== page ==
The UK’s Claire Wallis intrigues us with another smoothly blended cane. This time her cane layers imitate a blue lace agate geode. Made into a small brooch, it cradles a small pocket of crystals in its heart.
Even though you can detect the echoes of teachers and tutorials in Kathy Cannella’s polymer jewelry, her own voice comes through loud and clear. She puts her juju on each piece, zigging when you thought she’d zag. It’s a cool trick to retain your own aesthetic when you’re following someone else’s instructions. Kathy shows us that it can be done!
Kathy crackles, veneers, textures and distresses with confidence. It appears that she has a background in sculpture. She keeps a low profile and all we know is that she’s from New Jersey. There’s more to come so keep her on your radar.
Italy’s Ilenia Moreni fools us with her imitative labradorite. Labradorite’s gleaming layered colors are bisected with tricky lines. I’m glad I fell for her faux and bought the tutorial. She makes me want to explore stone imitations again.
Be an April fool and enjoy all the secrets and tricks in her Etsy shop.
Valeria Myrusso from St. Petersburg fools the eye with her Art Nouveau polymer jewelry. Her work easily passes for enamel or porcelain as shown by the Jardin de Mémoires and Porcelain Chrysanthemums here.
A shout out to Lisa Hutton who spotted these works and sent the link to PCD.
Lina Takhautdinova (Wildhorn) introduces us to the world of dark dressers and stylenoir. Goth meets high fashion in St. Petersburg. Lina pairs upcycled leather, coarse fabric, and aged silver with her own polymer antlers and imitation stones.
She refers to her colors as sombre and you’ll note hashtags that range from avantgarde to postapocalyptic. A short interview on StyleNoir.com gives you a better idea of Lina’s aesthetic and worklife. The best place to see her work is on Instagram and Pinterest. Keep up with her latest news on Facebook.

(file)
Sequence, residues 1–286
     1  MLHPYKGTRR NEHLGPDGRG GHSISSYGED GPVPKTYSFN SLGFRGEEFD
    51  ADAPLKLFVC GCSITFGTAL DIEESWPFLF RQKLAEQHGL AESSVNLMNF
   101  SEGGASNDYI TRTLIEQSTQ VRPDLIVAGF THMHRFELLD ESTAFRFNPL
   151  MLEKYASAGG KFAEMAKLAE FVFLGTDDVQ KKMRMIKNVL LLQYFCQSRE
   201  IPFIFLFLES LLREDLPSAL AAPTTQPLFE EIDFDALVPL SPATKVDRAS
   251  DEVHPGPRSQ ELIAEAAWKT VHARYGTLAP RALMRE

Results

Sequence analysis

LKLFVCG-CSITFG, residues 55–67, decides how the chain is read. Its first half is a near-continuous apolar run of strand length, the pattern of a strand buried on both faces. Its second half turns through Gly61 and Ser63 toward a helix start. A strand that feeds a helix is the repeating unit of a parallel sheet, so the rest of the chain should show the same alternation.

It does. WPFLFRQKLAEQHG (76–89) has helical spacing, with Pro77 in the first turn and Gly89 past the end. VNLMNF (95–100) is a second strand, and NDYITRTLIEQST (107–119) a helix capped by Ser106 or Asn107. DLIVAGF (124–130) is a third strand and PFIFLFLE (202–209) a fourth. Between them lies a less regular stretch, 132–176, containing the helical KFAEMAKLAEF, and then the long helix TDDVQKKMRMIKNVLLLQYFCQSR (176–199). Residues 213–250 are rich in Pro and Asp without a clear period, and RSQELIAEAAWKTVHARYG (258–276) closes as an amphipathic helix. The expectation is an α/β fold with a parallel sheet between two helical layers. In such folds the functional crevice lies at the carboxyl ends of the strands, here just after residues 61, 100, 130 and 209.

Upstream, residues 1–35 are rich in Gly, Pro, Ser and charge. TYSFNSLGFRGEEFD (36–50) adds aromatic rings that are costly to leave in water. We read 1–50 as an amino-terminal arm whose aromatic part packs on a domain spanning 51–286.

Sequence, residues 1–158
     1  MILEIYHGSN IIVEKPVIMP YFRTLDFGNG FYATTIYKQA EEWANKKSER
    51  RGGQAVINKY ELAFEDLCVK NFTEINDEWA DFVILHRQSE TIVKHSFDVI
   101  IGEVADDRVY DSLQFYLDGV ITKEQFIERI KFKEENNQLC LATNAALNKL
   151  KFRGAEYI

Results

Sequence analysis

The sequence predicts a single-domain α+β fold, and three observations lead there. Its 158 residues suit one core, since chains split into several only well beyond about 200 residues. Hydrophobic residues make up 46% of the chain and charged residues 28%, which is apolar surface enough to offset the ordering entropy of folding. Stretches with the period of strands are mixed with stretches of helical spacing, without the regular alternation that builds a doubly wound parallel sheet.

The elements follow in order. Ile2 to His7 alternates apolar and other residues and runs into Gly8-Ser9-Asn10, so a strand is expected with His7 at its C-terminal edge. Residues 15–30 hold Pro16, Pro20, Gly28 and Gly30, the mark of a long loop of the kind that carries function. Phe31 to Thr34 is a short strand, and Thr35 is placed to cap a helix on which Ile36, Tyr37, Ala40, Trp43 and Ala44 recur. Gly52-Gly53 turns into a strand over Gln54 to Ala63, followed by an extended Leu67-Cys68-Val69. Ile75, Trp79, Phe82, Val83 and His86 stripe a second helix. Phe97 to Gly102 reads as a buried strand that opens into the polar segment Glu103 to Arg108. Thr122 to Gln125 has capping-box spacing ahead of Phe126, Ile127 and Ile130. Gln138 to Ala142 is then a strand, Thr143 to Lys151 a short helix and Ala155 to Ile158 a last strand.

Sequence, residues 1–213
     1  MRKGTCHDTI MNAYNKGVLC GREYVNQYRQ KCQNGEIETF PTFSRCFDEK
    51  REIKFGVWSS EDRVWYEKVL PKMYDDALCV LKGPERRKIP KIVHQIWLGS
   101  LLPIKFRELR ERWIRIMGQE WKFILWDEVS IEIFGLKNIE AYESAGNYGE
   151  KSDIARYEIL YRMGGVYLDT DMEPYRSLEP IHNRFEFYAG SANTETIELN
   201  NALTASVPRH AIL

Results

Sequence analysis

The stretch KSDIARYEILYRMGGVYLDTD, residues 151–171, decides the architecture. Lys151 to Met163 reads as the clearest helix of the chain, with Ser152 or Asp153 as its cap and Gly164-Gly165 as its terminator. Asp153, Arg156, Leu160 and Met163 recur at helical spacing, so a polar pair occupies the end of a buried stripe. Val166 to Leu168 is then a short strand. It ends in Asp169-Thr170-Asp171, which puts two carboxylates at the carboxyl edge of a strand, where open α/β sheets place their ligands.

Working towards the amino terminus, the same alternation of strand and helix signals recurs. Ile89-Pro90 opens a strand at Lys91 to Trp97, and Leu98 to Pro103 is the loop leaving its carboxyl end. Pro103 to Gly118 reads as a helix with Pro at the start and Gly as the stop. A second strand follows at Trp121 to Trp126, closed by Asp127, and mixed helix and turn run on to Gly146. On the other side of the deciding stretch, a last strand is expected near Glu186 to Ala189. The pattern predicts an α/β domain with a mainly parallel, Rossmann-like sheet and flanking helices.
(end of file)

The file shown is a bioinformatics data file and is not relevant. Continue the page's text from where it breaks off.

If you were overwhelmed by the color on Monday and Tuesday’s PCD posts, this should cleanse your palette.
Margarita Repsiene (from Lithuania now in Singapore) developed her own batik methods for the sea urchin earrings and on the fabric-like belt buckle on the right.
Batik is definitely on the rise again and this version bounced around the world and landed in my lap via Irena Lapasinskaite, Margarita’s friend.
If you dig up a polymer artist who rings your chimes or piques your curiosity, please send her/his name to PCD. You readers are my eyes and ears in the crazy, huge internet/social media world. I can’t possibly keep up on my own and I count on you. Thanks!
Sandra Deyoung Niese’s (DandyBeads) imitative beach finds look appealing on her Etsy site at this time of year. She lives in Michigan but her heart and her polymer designs live in a warmer climate.
This 2″ wire-wrapped pendant is painted with sea blue and sand acrylics and delicately distressed with sea urchin patterns.
If you need some sun and sand to brighten your day, look at Sandra’s beautifully wave-washed polymer pieces on Facebook and Pinterest. This one’s sold. I’m wearing a pretty piece of beach on a cord to ward off snow. It’s not working but I don’t care.